First, it took Japan more than 15 years to clean-up the balance sheets of its banks and open the credit channel to new firms. Bank of Japan (BoJ) has tried to reflate the economy in vain as banks refused to lend because of the bad debt overhang. BoJ expanded its balance sheet from about 4% of GDP in the early 1990s to 100% of GDP in 2018, primarily by purchasing Japanese government securities. At the same time, credit to the private sector declined by about 60 pps of GDP towards its 1980 level (Graph 3). Second, non-viable and over-indebted “zombie firms” have been kept alive to this day via very low interest rates and public support in the form of favourable lending conditions to SMEs and classification of restructured loans. It depressed corporate investment, kept wages high and prevented the allocation of economic resources to activities that are more productive. Third, unsound macroeconomic policies and inflated domestic wages and prices depressed investor confidence and capital investment. Therefore, large and profitable companies preferred to invest in domestic or foreign financial assets, including outward FDI, which picked up from about 0.5% of GDP per year in the 1990s to almost 4% of GDP recently.
What remained a mystery to many mainstream economists was Japan’s inability to ignite inflation despite its massive monetary easing experiment. Many of the explanations put forward such as traditional consumers’ thrift, aversion to risk and changes in consumption patterns driven by population aging remain unconvincing compared to the deflationary pressure that set in when the credit boom stopped after a sizeable increase in consumer and real estate prices during the 1980s (Graph 4). Japan’s “war on deflation” has actually prevented the adjustment of relative prices distorted in the boom, thus perpetuating the misallocation of factors of production and undermining market-driven investment.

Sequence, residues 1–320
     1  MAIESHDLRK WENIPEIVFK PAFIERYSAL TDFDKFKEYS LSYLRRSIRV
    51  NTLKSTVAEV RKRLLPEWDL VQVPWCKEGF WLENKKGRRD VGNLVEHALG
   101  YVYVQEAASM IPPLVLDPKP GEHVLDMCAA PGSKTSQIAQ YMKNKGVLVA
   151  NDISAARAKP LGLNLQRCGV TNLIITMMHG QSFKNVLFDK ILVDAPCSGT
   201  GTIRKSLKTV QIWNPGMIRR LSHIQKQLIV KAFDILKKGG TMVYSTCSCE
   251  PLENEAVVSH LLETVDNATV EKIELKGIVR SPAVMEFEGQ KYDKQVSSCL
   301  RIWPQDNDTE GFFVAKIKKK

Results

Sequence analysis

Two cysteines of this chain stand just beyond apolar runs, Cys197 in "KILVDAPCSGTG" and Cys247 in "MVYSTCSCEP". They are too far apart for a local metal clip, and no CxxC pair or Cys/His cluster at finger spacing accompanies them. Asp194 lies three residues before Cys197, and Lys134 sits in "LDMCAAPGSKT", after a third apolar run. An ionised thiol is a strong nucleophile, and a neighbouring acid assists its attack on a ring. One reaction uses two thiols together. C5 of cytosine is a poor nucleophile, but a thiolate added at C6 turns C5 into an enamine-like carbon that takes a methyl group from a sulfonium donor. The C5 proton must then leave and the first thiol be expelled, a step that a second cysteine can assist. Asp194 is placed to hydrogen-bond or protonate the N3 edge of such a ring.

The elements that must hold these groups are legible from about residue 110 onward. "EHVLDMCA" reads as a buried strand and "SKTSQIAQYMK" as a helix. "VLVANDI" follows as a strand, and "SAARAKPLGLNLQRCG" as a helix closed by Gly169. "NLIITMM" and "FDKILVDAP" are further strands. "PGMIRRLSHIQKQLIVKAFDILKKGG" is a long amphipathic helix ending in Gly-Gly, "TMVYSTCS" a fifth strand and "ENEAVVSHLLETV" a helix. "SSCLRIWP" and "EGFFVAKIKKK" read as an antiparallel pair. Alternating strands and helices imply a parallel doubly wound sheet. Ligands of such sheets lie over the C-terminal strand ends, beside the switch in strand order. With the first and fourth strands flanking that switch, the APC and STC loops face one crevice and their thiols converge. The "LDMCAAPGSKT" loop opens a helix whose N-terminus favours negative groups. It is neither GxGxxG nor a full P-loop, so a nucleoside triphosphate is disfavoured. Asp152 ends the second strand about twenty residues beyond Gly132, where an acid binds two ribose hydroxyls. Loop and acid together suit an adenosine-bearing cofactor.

The investment-to-GDP ratio dropped by more than 10 percentage points since 1980 and flagging investment could not ensure the full replacement of the amortised capital. As a result the net capital stock per worker started falling since the early 2000s (Graph 5), causing labour productivity to decline to nearly a quarter below the top half of OECD countries (OECD, 2019) and more than a third below the U.S. As a result, real average wages remained flat for almost three decades while the gap relative to the U.S. or German wages widened significantly (Graph 6). This affects also the future income of retirees, in particular as the gross pension replacement rates represent only about 58% of individual earnings in Japan vs. 71% in the U.S. (OECD, 2017).
In conclusion, by successive rounds of monetary expansion and deficit spending which inflated the gross public debt to almost 240% of GDP, Japan has not allowed a curative recession to liquidate malinvestments after the 1980s boom. The price paid for procrastinating the adjustment of relative prices and structure of production to market needs has been a gradual erosion of the capital stock per worker and labour productivity. In line with the Misesian theory of the business cycle, it ultimately led to relative impoverishment in terms of stagnant real wages and lower pension levels. This undesirable outcome can serve as a wake-up call for other countries engaged on the same path of recurrent growth stimuli and would like to avoid the “Japanification” trap.
Dr. Mihai Macovei (firstname.lastname@example.org) is an associated researcher at the Ludwig von Mises Institute Romania and works for an international organization in Brussels, Belgium.